This compact guide to the birds and other wildlife of the National Botanical Garden at Kirstenbosch identifi es a range of the more visible creatures found here. Targeted at both regulars and new visitors to the gardens, this book raises awareness of the rich and diverse animal community, the most conspicuous of which are the birds.
It provides visitors with information on the behaviour, diet and breeding biology of 88 bird species, and the vivid photographs make for easy identification. There is also a summary of the mammals, reptiles, amphibians and other animals found in the gardens. Alongside guides to the flora, this pocket-sized and easy-to-use booklet is the ideal companion for visitors to Kirstenbosch.
Many people fear snakes, and watersnakes in particular have one of the worst reputations of any snake found in North America. Some species are commonly mistaken for venomous cottonmouths, and a few may eat popular game fishes. Unfortunately, few people realize the important roles many watersnakes play in natural ecosystems and, consequently, they are still persecuted in many regions today.
Seeking to overcome common misperceptions, J. Whitfield Gibbons and Michael E. Dorcas have compiled "North American Watersnakes," the first comprehensive study of all fourteen species of watersnakes found in the United States, Canada, Mexico, and Cuba.
Individual species accounts explore all aspects of the natural history of watersnakes in North America, including their behavior, physiology, life history, ecology, and conservation. Almost 100 color photographs accompany the text, illustrating all 14 species and nearly all subspecies. Supplementing the species accounts are detailed color maps depicting each species distribution and stunning black-and-white drawings by Peri Mason. Easy-to-use keys help readers to identify specimens at hand.
In Remarkable Shrimps, Raymond T. Bauer explores the evolution, natural history, biological diversity, and commercial importance of caridean shrimps--a fascinating and colorful group of aquatic organisms inhabiting freshwater and marine environments from the tropics to the poles. The biological diversity of carideans encompasses a remarkable array of adaptations in body form and function, coloration, breeding biology, and mating behavior. Carideans' important grooming and antifouling adaptations are examined in detail. Reproductive biology and sexual systems are reviewed, and Bauer provides evidence for sex pheromones in the attraction of males to females. Life history patterns, as well as caridean symbioses with other animals, are described and analyzed. Profiling each of the nearly thirty families of caridean shrimps, Bauer writes in an informal style that is nevertheless rich with precise and useful references. More than one hundred figures and eleven plates with seventy color and half-tone photographs accompany the text.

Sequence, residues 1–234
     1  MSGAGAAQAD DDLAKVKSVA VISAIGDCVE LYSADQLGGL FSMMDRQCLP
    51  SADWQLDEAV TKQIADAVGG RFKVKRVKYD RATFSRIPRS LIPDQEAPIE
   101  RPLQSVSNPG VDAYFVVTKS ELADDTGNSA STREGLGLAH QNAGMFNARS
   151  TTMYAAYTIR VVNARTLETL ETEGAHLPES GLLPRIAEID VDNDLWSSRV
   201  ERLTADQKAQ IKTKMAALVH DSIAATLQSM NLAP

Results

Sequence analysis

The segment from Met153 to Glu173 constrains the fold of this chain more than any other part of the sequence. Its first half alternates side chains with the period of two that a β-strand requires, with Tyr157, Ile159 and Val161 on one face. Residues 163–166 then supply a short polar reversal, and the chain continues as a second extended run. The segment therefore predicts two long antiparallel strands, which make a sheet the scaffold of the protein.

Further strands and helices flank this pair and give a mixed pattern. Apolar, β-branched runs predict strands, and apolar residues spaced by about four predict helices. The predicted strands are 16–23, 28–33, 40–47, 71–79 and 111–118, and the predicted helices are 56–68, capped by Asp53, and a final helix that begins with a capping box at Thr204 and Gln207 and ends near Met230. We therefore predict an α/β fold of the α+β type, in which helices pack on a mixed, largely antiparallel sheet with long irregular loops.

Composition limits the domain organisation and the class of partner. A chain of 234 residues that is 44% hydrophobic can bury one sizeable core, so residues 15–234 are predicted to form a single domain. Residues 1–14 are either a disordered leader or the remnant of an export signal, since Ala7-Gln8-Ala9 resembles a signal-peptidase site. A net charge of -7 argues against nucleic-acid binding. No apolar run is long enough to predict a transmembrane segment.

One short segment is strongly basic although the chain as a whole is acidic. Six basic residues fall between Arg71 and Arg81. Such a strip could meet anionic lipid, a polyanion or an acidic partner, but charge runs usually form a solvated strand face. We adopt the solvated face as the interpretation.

’n Onontbeerlike gids vir die uitkenning van al die gevaarlike slange en algemene onskadelike slange in Suider-Afrika, sowel as belangrike en praktiese kitsinligting oor noodhulp ingeval van ’n slangbyt.
Eenvoudige ikone, verspreidingskaarte, bondige teks en talle volkleurfoto's help om slange wat algemeen in die streek voorkom maklik uit te ken. Simptome en behandeling van slangbyte word beskryf, wat die leser lewensbelangrike noodhulpinligting gee.
Slange en Slangbyt in Suider-Afrika is helder, prakties, maklik om te gebruik en van onskatbare waarde vir almal wat van die buitelewe hou.
For cognitive ecologists, fish biologists, animal behaviorists, and inquiring anglers. How and why do trout think? How do they decide where to eat and which food to eat? Why do they refuse to behave as predicted, stumping anglers by rejecting a larger fly for a smaller one or not responding at all to anything in an angler's box? How do trout know to bolt to one particular covered area after being hooked or flushed? Why can trout smell better than humans but not remember as well? Citing the most recent scientific findings in a readily understandable form, Thomas C. Grubb, Jr. addresses these questions and more in The Mind of the Trout. It is the first book to bring together many varied concepts of cognitive ecology as applied to trout and their salmonid relatives: char, salmon, grayling, and whitefish.
Jonathan Cranston is no ordinary vet. In addition to his day job in the Gloucestershire countryside treating cows, dogs, pigs and cats, he's also worked with an astonishing range of species around the world, including crocodiles, rhinos and pandas. In this charming collection he introduces us to some of his favourite patients, ranging from beloved family pets through to magnificent creatures of the wild. Whether microchipping armadillos, anaesthetising giraffes or birthing a calf, Jonathan's love for his work and the entire animal kingdom is infectious. From the preposterous (castrating a sugar glider) to the poignant (encountering victims of rhino poaching), the stories in The Travelling Vet will delight and enthral every animal lover.
An exquisite collection of baby bird paintings by a masterful artist.